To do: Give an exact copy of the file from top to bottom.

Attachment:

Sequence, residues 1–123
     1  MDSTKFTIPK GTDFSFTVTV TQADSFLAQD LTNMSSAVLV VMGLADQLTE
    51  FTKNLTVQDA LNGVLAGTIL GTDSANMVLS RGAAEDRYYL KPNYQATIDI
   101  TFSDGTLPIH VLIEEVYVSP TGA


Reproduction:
Sequence, residues 1–123
     1  MDSTKFTIPK GTDFSFTVTV TQADSFLAQD LTNMSSAVLV VMGLADQLTE
    51  FTKNLTVQDA LNGVLAGTIL GTDSANMVLS RGAAEDRYYL KPNYQATIDI
   101  TFSDGTLPIH VLIEEVYVSP TGA